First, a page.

I have tried directly accessing FormNamespace::Form1::textBox1 to no avail... can you give me an example of what you mean otherwise. And by the way, myForm->Name does give 'Form1'.

  5. #5
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    Actually I added a carat and it complied without errors:
    TextBox^ tb = safe_cast<TextBox^>(myForm->Controls["textBox1"]);

    But then crashed when I clicked the button with:
    Object reference not set to an instance of an object.

  6. #6
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    I have tried directly accessing FormNamespace::Form1::textBox1 to no avail... can you give me an example of what you mean otherwise. And by the way, myForm->Name does give 'Form1'.
    What brewbuck is saying is that instead of
    Form^ myForm
    you should use the class that is derived from Form.
    By the sound of things I'm guessing you should use
    Form1^ myForm = ctrl->FindForm();
    or if FindForm() is a member function of Form1 I think you can just cast 'sender' to Form1 directly
    Form1^ myForm = safe_cast<Form1^>(sender);

    Actually I added a carat and it complied without errors:
    TextBox^ tb = safe_cast<TextBox^>(myForm->Controls["textBox1"]);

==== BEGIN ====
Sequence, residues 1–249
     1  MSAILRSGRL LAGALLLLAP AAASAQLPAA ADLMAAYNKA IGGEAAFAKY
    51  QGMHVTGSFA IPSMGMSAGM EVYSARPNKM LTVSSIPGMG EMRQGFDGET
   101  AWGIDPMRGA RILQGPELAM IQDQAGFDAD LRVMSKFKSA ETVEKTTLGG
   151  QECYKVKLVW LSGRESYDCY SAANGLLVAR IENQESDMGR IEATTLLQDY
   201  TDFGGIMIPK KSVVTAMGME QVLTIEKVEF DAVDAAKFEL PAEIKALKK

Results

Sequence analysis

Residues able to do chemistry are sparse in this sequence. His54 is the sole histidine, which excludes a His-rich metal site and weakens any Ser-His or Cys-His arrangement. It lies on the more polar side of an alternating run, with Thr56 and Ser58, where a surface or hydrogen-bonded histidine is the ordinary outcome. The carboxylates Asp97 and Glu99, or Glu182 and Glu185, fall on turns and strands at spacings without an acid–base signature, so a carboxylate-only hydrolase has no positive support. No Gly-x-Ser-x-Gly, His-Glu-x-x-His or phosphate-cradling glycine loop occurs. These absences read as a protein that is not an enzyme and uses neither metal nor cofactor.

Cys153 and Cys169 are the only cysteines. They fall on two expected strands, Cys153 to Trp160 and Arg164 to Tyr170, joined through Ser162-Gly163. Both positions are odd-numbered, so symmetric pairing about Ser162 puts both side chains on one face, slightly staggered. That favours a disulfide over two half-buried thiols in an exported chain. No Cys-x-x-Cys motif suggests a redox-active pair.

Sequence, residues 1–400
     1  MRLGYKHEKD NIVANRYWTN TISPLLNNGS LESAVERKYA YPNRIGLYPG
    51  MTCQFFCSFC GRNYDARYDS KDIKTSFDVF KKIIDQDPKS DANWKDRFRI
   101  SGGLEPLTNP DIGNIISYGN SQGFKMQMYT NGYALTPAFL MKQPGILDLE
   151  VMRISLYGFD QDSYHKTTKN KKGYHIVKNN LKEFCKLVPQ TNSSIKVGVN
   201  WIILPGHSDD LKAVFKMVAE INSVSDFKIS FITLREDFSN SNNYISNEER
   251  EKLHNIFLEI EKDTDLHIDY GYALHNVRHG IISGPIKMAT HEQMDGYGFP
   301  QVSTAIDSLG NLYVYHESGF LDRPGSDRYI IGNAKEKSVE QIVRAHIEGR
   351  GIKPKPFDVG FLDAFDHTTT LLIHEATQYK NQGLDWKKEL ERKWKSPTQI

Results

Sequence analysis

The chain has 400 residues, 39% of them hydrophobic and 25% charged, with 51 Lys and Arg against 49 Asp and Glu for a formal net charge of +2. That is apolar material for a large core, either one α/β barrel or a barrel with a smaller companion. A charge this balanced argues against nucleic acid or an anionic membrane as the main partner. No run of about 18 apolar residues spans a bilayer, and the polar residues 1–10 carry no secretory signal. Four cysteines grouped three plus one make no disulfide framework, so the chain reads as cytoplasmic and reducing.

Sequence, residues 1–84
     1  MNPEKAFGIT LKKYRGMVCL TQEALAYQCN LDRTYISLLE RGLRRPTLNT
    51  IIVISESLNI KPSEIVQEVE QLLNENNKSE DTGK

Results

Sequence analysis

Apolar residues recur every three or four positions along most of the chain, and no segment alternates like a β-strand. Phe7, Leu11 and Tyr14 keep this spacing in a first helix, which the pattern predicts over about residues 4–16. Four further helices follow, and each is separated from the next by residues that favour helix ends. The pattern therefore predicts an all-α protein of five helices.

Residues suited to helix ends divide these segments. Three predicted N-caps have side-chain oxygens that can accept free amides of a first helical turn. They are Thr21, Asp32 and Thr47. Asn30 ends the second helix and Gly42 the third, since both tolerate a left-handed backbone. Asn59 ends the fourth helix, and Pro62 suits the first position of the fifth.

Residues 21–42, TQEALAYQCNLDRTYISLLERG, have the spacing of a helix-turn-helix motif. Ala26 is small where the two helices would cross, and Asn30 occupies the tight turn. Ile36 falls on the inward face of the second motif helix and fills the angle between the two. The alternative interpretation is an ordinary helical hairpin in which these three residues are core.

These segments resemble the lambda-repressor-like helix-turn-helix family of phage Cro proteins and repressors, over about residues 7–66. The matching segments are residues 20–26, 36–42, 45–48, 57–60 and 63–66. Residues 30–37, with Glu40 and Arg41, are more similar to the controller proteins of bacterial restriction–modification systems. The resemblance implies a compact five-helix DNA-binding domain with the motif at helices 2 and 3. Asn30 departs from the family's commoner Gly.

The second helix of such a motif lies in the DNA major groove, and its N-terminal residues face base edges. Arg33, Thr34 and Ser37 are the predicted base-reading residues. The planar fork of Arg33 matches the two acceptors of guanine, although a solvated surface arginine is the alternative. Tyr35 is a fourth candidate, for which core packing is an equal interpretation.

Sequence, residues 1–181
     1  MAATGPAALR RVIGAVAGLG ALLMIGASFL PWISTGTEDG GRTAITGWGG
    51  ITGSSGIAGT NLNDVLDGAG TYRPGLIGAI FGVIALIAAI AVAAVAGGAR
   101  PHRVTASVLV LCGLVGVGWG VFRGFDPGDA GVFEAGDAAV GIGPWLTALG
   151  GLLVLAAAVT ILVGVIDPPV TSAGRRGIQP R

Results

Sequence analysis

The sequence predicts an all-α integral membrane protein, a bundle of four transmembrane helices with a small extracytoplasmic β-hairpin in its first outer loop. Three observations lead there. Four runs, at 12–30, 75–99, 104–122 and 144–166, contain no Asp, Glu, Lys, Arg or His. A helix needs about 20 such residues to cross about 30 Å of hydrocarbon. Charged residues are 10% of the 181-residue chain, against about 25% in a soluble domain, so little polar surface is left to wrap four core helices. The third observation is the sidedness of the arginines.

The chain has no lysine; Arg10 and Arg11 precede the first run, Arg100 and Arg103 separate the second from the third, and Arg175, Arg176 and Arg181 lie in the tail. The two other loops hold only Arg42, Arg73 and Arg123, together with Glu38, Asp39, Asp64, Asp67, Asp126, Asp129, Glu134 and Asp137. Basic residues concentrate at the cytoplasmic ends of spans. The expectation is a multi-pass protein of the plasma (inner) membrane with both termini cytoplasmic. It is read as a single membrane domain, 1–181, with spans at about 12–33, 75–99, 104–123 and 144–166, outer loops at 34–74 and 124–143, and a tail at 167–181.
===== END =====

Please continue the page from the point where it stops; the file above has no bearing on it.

But then crashed when I clicked the button with:
    Object reference not set to an instance of an object.
    Are you checking that tb isn't NULL before trying to dereference it?

  7. #7
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    Tried this: ---------------------------------------------Pure-FYI-OK-to-Skip-It---------
    Form1^ myForm = safe_cast<Form1^>(sender);

    It complies, then crashes when button is clicked:
    Unable to cast object of type 'System.Windows.Forms.Button' to type 'FormNamespace.Form1'

    In case you didn't know... FindForm() is a .NET function: Control.FindForm Method (System.Windows.Forms)
    I'm OK with using it to hook the parent form.

    As for:-------------------------------------------------Please-Dont-Skip-This---------
    Code:
    TextBox^ tb = safe_cast<TextBox^>(myForm->Controls["textBox1"]);
    if(!tb){ MessageBox::Show("Not tb","Alert"); return; } // I added this
    Yep, when I click the button it says "Not tb"... but, since I have textBox1 inside splitContainer1, I tried:
    Code: